Another player who could rightfully claim a place in the starting eleven would Alexis Mac Allister. Like Enzo, Mac Alliser is having a great season at Brighton. The 23-year-old played second fiddle to Pascal Gross at times. Yet, this season, he has been a real revelation for Roberto de Zerbi. Mac Allister has been the anchor for the Premier League side and rarely makes a poor pass. He also has an eye for the goal, scoring 5 goals from midfield and is adept at taking set pieces. Whilst he can be that third man in midfield, he still isn't that direct replacement for Lo Celso
Expect… De Paul and Paredes to definitely feature in midfield but there is question marks about where Scaloni goes from there in the absence of Lo Celso. He may go for an extra wide player instead.
With Alejandro Garnacho rumoured to be a late replacement at the time of writing, what could be a perceived weakness of this Argentina squad might have turned into a strength against all odds. Alas it wasn't to be and Argentina are heavily reliant on a national stalwart as their main source of width... a certain Angel Di Maria.
The Man For The Big Occassion
Di Maria's goal against Brazil in the Copa America 2021 final sealed the deal on Argentina's first international triumph since the 1993 edition of the same tournament. What is often forgotten is that Messi's main sidekick has often got injured at key moments during various tournament campaigns... During the quarter-final match against Belgium, Di María suffered a muscle tear in the thigh and was later taken off the field. It was later announced after the match that Di María would miss the rest of the tournament due to the injury. He had previously helped to create Gonzalo Higuaín's only goal of the match, which sent Argentina into the semi-finals.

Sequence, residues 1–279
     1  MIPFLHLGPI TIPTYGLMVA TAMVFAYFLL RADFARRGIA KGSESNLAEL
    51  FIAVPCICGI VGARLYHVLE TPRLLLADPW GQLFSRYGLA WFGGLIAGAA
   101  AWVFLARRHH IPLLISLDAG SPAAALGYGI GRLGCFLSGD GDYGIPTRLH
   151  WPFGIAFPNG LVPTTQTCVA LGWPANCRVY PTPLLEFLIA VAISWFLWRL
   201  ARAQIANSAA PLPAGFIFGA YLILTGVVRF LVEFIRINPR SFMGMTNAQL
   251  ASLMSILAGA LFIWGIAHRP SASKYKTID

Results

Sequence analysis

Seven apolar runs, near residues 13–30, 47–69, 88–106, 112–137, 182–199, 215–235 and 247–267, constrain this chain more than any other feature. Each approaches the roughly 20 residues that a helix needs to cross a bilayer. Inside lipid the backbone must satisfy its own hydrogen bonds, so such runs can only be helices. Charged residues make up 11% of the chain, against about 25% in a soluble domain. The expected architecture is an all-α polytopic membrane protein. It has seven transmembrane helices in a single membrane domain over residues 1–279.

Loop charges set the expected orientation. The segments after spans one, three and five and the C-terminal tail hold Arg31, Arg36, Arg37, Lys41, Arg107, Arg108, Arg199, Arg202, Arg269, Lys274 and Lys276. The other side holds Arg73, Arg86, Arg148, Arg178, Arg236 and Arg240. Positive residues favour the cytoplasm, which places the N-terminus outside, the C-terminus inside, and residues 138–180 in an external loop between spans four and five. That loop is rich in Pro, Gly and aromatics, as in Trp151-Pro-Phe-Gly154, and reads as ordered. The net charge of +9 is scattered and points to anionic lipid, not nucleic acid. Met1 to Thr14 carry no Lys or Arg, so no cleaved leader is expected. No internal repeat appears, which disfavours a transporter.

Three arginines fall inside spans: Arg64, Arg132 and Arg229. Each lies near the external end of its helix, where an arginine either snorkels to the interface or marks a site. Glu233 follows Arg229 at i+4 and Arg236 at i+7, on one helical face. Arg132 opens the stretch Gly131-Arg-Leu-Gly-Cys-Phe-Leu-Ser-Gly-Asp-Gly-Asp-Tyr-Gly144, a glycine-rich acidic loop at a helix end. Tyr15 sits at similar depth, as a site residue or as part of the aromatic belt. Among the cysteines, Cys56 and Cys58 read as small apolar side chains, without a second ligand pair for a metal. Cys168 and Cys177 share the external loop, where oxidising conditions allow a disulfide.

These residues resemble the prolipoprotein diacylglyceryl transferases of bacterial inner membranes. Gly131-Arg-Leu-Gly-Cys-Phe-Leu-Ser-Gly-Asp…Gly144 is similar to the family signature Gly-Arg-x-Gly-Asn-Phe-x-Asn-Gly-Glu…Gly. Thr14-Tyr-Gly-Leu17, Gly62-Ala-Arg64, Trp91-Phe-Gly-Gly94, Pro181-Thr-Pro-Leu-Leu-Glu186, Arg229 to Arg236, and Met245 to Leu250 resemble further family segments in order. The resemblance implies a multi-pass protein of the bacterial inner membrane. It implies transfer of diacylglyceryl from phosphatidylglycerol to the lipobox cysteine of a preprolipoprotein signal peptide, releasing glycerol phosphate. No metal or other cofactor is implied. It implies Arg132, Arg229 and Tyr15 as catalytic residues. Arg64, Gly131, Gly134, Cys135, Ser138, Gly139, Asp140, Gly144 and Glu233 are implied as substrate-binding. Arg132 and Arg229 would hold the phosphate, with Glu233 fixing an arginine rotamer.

During the 2015 Copa America, Di Maria was substituted with a hamstring injury within the first half-hour of the final against hosts Chile, which his team lost in a penalty shootout after a goalless draw. During the 2016 Copa America edition, Di Maria was injured in the second group game and once again missed the remainder of the tournament, including the final. Whilst Argentina got to the final without him, Di Maria is such a vibrant presence in the business end of big games - you can see why Argentina have often failed to cross the final hurdle without him.
The Full Backs
With genuine top quality wingers thin on the ground, the full backs will be very important in providing width. Tagliafico will be especially important in possession as it is likely Di Maria will feature down the right putting extra emphasis on the former Ajax man to bomb forward. Tagliafico was one of the finds of the last World Cup and performed admirably, until that fateful game against France where he was tasked with keeping Mbappe quiet. It ended up being a mismatch of epic proportions.